Orangutangs: Kids Meet One of Our Closest Relatives


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Close your eyes, bring an adult or two and friends and hop aboard my magical plane.   I’ll set the GPS for Sumatra and Borneo. Yes, I can wait while you get out a globe or atlas.

 Does your map look like mine? Good.unknown images \

Touch down.   We have made a safe landing and when we get out of the magical plane, you will notice a tropical rain forest. It is very hot and it feels humid or sticky.   Listen and watch.   High up in the trees shaggy, red-haired orangutans are bending the branches to make a comfortable matress of leaves and twigs.   Some are pulling down braches to make a roof in case it rains. This is why it’s called a rainforest – it rains often.


Wow, look at that big Adult Ape!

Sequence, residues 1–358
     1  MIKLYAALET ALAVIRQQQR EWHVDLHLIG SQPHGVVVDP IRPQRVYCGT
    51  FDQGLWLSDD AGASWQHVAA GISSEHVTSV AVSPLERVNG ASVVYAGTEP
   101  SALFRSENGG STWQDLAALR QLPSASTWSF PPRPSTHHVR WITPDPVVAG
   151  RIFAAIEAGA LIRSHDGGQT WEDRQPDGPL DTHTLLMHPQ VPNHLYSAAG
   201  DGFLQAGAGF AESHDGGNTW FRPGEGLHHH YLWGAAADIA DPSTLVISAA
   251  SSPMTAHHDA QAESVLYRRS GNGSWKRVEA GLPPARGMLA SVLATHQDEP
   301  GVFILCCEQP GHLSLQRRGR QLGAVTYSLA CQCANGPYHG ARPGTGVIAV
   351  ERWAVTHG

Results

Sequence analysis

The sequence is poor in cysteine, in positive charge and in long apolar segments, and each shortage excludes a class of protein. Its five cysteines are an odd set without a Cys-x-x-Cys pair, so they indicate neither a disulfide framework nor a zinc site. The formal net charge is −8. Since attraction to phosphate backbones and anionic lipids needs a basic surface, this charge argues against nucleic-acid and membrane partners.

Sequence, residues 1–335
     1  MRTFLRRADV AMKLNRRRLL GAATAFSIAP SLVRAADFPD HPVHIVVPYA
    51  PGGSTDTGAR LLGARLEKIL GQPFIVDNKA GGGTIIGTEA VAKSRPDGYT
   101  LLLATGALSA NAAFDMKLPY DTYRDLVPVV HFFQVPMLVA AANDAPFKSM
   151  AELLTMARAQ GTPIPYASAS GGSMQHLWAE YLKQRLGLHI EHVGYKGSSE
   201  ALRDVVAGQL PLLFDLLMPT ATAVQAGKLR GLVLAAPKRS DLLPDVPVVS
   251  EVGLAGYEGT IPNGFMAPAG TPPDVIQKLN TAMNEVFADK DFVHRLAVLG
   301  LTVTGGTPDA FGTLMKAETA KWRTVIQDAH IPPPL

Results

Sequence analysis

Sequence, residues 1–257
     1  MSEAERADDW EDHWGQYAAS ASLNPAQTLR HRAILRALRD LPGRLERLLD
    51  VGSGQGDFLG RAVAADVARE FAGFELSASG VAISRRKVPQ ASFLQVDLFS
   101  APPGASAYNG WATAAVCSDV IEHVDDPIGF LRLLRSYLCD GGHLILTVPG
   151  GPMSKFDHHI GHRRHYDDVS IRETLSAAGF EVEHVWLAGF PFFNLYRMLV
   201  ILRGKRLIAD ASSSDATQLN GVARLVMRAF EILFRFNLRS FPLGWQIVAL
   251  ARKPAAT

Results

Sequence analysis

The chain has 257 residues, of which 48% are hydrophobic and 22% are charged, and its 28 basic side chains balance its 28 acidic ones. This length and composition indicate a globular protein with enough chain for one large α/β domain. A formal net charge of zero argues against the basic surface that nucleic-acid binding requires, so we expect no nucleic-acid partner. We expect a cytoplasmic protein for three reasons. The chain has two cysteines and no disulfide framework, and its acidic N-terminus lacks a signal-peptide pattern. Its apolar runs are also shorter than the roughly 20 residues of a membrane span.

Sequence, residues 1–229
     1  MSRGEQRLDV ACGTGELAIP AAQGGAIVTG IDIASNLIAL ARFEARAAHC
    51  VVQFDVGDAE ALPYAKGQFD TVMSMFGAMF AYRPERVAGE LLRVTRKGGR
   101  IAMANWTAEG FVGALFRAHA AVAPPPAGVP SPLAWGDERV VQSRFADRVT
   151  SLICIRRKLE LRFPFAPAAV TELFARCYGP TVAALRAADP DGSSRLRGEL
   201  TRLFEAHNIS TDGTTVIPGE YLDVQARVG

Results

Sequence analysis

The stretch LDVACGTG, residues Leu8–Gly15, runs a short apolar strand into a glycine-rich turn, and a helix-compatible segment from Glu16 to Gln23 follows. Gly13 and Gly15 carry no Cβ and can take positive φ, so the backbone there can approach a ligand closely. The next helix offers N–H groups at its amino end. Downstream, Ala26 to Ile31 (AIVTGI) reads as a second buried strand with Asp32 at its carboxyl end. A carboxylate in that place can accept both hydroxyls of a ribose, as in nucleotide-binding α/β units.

He is a male and he weighs 220 pounds that’s 100 kilograms and often people weigh this much, too.   They are the largest tree apes. See how they use their arms to swing from branch to branch.


On the ground, orangutans walk on all fours.



Orangutans find their food in the trees where they live. More than half their diet consists of fruit. They also eat nuts, bark, and other parts of plants and trees. Every once in a while they eat insects such as ants and termites, as well as bird eggs.

Orangutans find the water they need for drinking up in the trees—in hollows, on leaves, or even on their own fur after a rain. Trees are essential to every aspect of the orangutans’ world. The cutting down of trees—deforestation—has landed this species on the endangered species list.


 Our Close Relatives

The orangutan is one of humankind’s closest relatives – in fact, we share nearly 97% of the same DNA! The word orangutan comes from the Malay words ‘orang hutan‘, meaning ‘human of the forest‘.

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